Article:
What is the role of arbitrariness in language

Authors Avatar

What is the role of arbitrariness in language

To discuss arbitrariness we must first define what exactly we mean.  In order for human communication to take place, humans must, ordinarily, converse among themselves by producing sounds.  Over the aeons we have assigned meanings to the groupings of sounds we call words.  We had to do this because, for instance, there was no other way of warning a member of your tribe there was a sabre-toothed tiger behind other than actually saying “Cuidado, a um tigre-dente-de-sabre atras de si!”  I have used I Portuguese model just to illustrate that the words themselves do not have to be the same, or understandable for us, just that the tribesman needs to be able to understand.  In the example I have just given, the words “tigre-dente-de-sabre” mean the same as a “sabre tooth tiger” in English.  These words are the sign or signifier.  If you were to travel back in time and ask a tribesman were you could find a sabre-toothed tiger he would have absolutely no idea what you were talking about.  That is because the words have no connection to the animal in question.  How then are the words related to the animal, or signified?  According to Saussure, all signs are arbitrary, and are wholly conventional associations that have been determined by social rule, or semiotic convention.  At first you could argue that this absolute statement is flawed, especially in relation to onomatopoeic words.  However, if you look in detail at specific languages you will see some differences.  For example, in English a cock’s crowing is represented in speech and writing as cock-a-doodle-doo, whilst in French it is cocorico.  In my humble opinion it is unlikely that cock’s in Britain and France sound different.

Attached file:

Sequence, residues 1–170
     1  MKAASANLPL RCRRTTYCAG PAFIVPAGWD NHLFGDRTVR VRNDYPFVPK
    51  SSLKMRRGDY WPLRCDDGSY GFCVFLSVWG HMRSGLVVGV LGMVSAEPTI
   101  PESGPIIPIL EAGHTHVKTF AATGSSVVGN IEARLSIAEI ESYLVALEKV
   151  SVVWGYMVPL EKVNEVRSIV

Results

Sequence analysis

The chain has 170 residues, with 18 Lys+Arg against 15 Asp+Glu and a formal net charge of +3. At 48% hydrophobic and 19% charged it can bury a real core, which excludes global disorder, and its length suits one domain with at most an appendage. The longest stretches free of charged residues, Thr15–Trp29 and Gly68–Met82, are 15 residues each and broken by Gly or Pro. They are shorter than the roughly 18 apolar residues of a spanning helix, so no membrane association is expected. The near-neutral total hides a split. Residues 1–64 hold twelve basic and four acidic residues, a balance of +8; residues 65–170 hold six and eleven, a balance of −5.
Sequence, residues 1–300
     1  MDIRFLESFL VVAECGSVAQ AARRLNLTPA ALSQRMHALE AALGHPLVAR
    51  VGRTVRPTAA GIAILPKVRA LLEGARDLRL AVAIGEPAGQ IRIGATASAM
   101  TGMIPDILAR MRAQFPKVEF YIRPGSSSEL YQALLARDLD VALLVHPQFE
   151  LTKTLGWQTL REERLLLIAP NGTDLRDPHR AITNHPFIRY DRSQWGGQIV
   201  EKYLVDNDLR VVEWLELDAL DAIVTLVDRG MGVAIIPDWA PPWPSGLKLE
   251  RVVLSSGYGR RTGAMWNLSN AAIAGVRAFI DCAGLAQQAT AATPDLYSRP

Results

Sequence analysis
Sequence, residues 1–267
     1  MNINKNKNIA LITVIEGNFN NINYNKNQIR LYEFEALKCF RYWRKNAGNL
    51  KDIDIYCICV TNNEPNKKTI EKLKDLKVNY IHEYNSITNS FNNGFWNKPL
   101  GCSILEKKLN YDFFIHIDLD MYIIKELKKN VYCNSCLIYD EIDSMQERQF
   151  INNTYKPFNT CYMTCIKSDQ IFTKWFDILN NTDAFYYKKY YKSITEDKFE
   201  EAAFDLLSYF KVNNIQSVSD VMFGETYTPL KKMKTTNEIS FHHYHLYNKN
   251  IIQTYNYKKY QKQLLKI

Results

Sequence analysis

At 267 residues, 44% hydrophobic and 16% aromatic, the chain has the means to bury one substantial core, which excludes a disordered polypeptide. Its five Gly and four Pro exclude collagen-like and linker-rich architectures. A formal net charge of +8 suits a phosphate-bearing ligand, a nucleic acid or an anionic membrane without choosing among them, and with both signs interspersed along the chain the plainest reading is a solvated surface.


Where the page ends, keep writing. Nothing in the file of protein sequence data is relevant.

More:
Join now!


It can also be said that noises have no significance in and of themselves.  A noise is just a noise, just as a piece of wood hitting another is just that, one piece of wood hitting another.  However, when a judge hits his mallet against his desk it is accepted he is calling the court to order.  How then are these sounds assigned meaning?  Unlike in Mark Twain’s “Diaries of Eve” someone has not gone around naming animals and objects for us.  It has been argued that words are assigned meaning “by virtue of systematic differences between them” and ...

This is a preview of the whole essay